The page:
Participatory Mystical Awakening

Discovering and Practicing Mysticism – Part Two

So, how do we practice mysticism?  

Once we’ve cleared up some of the common misperceptions about mysticism, we find that we can approach mysticism from a trans-rational perspective, believing that it is real and something we participate in, experienced in connection to our Higher Self, and deeply connective to others. You can read more in depth about those distinctions in Part One.

Getting past some of those mental hurdles, we now can step into our participatory practice. This is a co-creative process that we engage in with our whole being. While mystical experience can be received in many different forms and ways, we can practice our active engagement into the process by cultivating mystical awareness, learning to sense emergent mystical realities, then interplay dynamically with them and one another in convergent communion.

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Can Anyone Be a Mystic?

Discovering and Practicing Mysticism – Part One

Pew research from 2009 revealed that 49% of Americans say they have had a religious or mystical experience, defined as a “moment of sudden religious insight or awakening.” 10 years later, that number is most likely higher. It has been climbing up steadily from only 22% in 1962. The numbers may be even higher considering that many may have had such experiences but wouldn’t want to put the term “religious” on it for a variety of reasons.

Have you had a mystical experience?

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The Drama Triangle: When Groups Go Wrong

Getting Back to Heart Connections

Sometimes we shy away from group settings because they can be quite messy. Who hasn’t sat in a group and experienced it devolving into something painful? We’d like to believe that spiritual groups devoted to love and prayer don’t have this problem, but we all know that isn’t the case.

This quite often comes from a drama with three different roles that we and others tend to play. This is called the Drama Triangle which reveals dysfunctional interaction originally described by Stephen Karpman. I learned this from him in a workshop forty years ago. It has served me greatly to explain the cycles and patterns of behavior I saw unfold in so many groups and conversations. It also indicated what we should do to get off the Drama Triangle! There are more nuanced approaches for the professional, but I will give the basics here.

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Everything That Rises Must Converge

Why We Need the “We” – Part Three

We are experiencing a great convergence in humanity today. As the world evolves further and further technologically and scientifically, the space is shrinking. Globalization is bringing people together in new ways both profound and troubling. This external convergence is absolutely heightening the need for greater evolution and convergence in our interior spaces: our morality, our values, our education, our empathy, and certainly our spirituality.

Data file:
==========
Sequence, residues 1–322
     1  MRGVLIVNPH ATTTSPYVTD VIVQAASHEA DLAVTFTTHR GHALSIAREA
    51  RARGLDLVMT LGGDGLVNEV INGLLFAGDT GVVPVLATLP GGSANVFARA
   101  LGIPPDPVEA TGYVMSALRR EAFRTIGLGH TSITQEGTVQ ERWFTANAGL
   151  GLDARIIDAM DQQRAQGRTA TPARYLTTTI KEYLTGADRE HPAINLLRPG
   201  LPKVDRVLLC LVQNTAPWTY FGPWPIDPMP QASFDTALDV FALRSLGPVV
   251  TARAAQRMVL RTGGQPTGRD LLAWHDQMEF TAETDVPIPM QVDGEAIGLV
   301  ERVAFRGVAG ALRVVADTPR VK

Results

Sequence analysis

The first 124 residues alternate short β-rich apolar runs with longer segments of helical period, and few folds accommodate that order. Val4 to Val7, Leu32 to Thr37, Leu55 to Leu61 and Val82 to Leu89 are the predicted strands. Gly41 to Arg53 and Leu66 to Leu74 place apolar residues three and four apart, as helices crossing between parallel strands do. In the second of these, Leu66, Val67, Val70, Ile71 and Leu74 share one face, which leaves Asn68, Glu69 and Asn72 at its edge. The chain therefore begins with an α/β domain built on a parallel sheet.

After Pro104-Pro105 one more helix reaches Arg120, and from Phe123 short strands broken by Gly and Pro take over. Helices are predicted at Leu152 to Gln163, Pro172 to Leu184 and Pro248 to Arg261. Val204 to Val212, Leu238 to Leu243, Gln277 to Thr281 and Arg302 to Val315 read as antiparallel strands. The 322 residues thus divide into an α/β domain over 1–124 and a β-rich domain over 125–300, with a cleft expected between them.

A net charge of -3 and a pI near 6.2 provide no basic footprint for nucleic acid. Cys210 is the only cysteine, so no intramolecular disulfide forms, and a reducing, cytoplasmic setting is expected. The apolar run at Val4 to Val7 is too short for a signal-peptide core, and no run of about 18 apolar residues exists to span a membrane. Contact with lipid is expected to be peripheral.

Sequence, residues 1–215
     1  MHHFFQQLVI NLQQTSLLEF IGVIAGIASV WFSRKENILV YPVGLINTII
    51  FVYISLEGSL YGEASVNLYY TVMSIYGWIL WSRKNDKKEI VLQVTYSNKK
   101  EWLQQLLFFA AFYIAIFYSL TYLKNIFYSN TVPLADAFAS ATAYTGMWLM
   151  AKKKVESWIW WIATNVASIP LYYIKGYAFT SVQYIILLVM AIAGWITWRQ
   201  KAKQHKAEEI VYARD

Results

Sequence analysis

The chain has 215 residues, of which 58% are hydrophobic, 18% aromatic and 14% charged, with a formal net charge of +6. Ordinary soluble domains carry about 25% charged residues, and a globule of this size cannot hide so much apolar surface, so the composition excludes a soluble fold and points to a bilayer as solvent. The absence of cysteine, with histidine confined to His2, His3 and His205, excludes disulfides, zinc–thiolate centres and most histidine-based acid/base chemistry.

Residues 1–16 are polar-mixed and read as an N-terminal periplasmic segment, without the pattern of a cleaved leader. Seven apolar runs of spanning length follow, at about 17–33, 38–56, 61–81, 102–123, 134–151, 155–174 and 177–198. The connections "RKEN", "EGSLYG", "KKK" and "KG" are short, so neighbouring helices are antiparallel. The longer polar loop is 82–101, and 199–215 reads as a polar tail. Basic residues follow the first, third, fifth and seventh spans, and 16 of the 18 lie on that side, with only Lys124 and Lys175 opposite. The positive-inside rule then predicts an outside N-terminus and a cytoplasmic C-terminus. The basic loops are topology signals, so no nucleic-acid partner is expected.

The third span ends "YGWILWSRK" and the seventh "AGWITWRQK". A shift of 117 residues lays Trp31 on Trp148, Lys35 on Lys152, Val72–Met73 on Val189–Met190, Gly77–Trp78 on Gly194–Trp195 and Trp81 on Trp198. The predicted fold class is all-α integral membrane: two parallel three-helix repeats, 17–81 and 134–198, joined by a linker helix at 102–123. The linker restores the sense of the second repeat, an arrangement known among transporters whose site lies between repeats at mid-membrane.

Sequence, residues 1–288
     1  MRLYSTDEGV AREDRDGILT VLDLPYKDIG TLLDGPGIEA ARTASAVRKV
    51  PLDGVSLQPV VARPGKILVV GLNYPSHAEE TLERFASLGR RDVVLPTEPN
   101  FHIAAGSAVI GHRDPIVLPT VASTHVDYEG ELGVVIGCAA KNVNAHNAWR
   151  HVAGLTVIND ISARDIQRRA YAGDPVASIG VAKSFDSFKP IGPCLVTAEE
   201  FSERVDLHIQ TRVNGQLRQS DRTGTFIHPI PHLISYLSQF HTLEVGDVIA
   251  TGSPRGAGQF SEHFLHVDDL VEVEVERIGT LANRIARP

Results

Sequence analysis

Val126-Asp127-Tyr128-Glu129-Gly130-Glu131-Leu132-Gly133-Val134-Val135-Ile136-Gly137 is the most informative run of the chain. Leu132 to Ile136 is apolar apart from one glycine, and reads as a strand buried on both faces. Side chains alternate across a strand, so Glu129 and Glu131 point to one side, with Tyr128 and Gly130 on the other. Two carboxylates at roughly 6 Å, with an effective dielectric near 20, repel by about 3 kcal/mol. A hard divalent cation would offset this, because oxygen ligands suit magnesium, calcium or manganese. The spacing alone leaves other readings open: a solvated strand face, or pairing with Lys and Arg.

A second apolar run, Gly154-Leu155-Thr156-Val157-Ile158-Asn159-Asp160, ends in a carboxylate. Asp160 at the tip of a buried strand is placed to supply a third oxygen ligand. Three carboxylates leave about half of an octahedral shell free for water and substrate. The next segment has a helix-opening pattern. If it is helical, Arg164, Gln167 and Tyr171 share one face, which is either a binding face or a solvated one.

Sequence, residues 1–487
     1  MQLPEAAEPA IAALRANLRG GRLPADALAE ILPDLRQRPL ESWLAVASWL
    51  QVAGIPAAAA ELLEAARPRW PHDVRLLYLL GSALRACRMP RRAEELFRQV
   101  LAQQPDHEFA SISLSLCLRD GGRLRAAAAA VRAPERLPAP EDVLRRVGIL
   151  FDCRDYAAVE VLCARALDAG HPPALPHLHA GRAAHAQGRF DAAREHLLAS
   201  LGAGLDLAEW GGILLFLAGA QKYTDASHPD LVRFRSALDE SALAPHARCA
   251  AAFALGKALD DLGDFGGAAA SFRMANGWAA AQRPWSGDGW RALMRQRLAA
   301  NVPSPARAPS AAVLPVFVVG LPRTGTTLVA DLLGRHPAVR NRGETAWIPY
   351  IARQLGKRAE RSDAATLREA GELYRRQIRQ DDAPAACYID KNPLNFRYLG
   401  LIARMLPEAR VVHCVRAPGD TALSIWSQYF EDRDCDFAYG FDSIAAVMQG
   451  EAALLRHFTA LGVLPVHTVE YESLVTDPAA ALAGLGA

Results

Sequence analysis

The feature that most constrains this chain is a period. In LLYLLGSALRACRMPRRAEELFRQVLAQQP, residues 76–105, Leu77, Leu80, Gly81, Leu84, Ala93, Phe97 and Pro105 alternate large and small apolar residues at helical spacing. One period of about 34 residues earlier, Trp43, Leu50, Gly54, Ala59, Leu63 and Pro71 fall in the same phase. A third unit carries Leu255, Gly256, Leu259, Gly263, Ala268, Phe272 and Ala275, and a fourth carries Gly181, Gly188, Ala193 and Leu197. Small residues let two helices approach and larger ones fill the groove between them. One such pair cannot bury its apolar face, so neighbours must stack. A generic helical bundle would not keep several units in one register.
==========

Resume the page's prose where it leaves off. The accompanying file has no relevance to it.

When there is a strong convergence, two ranges of outcome are possible: A horrible crash or a beautiful communion.

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Evolving Collective Spiritual Practice

Why We Need the “We” – Part Two

Last week we explored the shift from shoulder-to-shoulder to heart-to-heart, focusing specifically on practice with just one other person. This week we’re going to broaden that out to a community context. Not only do we need to expand our spiritual practice beyond the confines of individualism, but we desperately need to evolve how we gather and practice together.

We also emphasized the importance of the need to further reflect oneness in our spiritual practice. If we seek the experience of oneness with all, and with one other person, what would it look like to seek this experience in a group? And wouldn’t such a group practice be reflective of a more evolved approach to our spiritual gatherings?

How do we get there? 

Let’s start with a very simple picture. Imagine a group of people sitting in rows of chairs (or pews) looking up at a person on a stage. Now picture a circle of chairs with people sitting, facing one another. What difference do you feel? Where in your body do you feel it? Stay there for a moment.

Now picture a glowing heart radiating from each person in the circle. See the spiritual energy and love flowing out of them. As the waves expand out, everyone’s spiritual energy fields are overlapping and engaging with one other, creating a palpable collective field where love, wisdom, encouragement, and much more can emerge. Is this a spiritual reality?

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From Shoulder-to-Shoulder to Heart-to-Heart

Why We Need the “We” – Part One

When you hear the words “spiritual practice,” what do you think of? Perhaps you picture someone meditating. Perhaps you picture a person doing yoga or tai chi. Perhaps you think of a rosary or prayer beads. Whatever it is you imagine, it is highly likely that your image is of a single, solitary figure at practice by himself/herself. If you pictured a group, kudos to you (although the title and picture in this post may have influenced you!).

Even so, the vast majority of our attention is still on the personal. In fact, most of our experiences of group spiritual practice or spiritual community are largely an individual experience. There are just other people around. It’s shoulder-to-shoulder practice.